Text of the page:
From Slang to Standard: The Case of “Etermal”


In the context of linguistic standards, would the term “Etermal” qualify as an officially recognized word?


A word typically gains official recognition when it satisfies several key criteria:

  • Widespread Usage:

    The term must be used by a significant number of people.

  • Consistent Use:

    It should carry the same or similar meaning across different contexts and users.

  • Sustained Usage:

    The term should be in use over a considerable period, indicating it’s not merely a passing fad.

  • Meaningful Contribution:

    It should add value to the language, often filling a gap in expressing a concept or idea.

  • Descriptive vs. Prescriptive:

    It’s important to note that dictionaries often follow a descriptive rather than prescriptive approach. This means they document words based on actual usage rather than enforcing rules on what constitutes a “real” word.

    The Case for “Etermal”:

    If “Etermal” is being used by a community of speakers with a shared understanding of its meaning and it appears in written and spoken communication with some regularity, it could be considered for dictionary inclusion. However, without evidence of widespread and sustained use, it would not typically meet the standards for official recognition.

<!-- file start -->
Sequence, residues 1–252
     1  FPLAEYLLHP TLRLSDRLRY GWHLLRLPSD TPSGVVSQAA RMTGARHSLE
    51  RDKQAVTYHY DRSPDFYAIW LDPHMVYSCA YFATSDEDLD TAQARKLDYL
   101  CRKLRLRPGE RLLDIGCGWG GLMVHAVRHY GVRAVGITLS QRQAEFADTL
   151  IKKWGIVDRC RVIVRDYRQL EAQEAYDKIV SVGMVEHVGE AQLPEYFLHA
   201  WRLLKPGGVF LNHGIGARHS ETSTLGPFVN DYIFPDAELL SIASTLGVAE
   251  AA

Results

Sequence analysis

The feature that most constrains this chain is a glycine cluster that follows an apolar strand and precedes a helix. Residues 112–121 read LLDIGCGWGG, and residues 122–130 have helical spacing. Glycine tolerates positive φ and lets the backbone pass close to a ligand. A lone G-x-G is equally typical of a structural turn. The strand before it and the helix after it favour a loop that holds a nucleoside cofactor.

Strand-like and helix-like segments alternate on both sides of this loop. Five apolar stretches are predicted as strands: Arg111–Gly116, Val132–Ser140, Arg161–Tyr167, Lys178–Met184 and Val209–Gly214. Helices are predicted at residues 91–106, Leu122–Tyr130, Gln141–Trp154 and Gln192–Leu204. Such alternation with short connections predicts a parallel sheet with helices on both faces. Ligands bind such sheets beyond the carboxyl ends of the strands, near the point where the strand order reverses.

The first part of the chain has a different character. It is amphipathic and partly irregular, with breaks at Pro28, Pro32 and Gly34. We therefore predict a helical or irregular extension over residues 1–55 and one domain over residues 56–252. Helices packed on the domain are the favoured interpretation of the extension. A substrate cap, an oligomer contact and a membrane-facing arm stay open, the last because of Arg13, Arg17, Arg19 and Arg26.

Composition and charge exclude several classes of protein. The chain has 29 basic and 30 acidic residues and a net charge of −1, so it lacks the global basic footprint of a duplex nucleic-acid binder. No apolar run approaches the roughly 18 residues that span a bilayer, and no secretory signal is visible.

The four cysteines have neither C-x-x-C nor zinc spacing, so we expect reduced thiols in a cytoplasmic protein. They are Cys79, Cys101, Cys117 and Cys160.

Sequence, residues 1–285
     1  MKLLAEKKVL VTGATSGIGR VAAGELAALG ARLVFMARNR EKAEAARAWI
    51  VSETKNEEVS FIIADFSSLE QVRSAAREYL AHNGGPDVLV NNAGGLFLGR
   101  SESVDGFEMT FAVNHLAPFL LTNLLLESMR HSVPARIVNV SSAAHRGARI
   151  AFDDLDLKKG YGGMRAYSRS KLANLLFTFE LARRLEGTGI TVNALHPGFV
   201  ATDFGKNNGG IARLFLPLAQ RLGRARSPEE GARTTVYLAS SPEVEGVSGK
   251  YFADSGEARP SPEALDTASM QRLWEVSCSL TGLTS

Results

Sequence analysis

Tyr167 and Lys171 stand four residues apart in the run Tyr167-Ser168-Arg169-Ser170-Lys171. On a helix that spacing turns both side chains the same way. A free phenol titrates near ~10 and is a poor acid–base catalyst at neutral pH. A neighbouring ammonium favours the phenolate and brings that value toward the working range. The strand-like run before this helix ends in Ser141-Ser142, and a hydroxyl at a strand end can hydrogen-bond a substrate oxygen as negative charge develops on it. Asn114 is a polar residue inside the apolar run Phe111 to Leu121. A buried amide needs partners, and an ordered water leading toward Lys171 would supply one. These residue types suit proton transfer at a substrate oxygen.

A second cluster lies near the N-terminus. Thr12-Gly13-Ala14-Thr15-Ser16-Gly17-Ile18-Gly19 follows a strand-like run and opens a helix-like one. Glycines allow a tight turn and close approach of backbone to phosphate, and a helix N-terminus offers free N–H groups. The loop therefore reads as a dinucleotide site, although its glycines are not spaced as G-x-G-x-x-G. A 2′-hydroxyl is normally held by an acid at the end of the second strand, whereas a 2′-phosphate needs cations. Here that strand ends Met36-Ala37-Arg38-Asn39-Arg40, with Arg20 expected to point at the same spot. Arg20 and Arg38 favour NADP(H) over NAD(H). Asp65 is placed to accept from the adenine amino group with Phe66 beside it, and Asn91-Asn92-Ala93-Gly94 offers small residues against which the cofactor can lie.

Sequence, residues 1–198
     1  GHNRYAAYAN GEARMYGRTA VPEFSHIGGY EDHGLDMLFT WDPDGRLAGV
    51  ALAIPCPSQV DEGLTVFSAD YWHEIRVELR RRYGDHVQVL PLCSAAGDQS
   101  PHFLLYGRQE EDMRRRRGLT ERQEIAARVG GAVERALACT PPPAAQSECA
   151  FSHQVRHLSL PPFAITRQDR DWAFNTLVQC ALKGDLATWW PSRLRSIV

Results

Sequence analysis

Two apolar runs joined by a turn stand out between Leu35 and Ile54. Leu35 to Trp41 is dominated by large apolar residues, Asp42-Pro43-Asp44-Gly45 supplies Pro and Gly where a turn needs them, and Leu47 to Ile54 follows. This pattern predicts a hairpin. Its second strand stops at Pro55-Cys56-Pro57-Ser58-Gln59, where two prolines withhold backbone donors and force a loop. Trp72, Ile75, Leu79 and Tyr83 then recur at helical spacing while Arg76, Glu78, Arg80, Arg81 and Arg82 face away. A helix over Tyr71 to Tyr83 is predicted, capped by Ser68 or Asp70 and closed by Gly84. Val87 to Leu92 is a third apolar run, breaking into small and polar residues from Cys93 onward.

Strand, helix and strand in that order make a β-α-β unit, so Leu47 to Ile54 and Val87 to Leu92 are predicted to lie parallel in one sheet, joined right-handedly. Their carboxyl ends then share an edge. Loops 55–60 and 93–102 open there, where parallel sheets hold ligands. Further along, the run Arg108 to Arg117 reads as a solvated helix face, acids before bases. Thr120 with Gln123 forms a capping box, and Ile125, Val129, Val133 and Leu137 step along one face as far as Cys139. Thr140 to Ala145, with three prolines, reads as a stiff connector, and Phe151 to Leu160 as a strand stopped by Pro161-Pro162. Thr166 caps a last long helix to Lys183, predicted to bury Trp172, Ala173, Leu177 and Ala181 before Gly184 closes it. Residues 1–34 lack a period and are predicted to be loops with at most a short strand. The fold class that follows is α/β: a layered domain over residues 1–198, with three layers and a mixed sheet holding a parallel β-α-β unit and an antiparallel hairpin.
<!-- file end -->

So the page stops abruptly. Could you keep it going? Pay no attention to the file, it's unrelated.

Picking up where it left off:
In conclusion, “Etermal” could be on its way to becoming an officially recognized word if it continues to be used meaningfully by a large group of people. The evolution of language is a democratic process, and new words are added to dictionaries as they become entrenched in our everyday lexicon. Whether “Etermal” will reach that point remains to be seen, but it certainly has the potential if it meets the aforementioned criteria.

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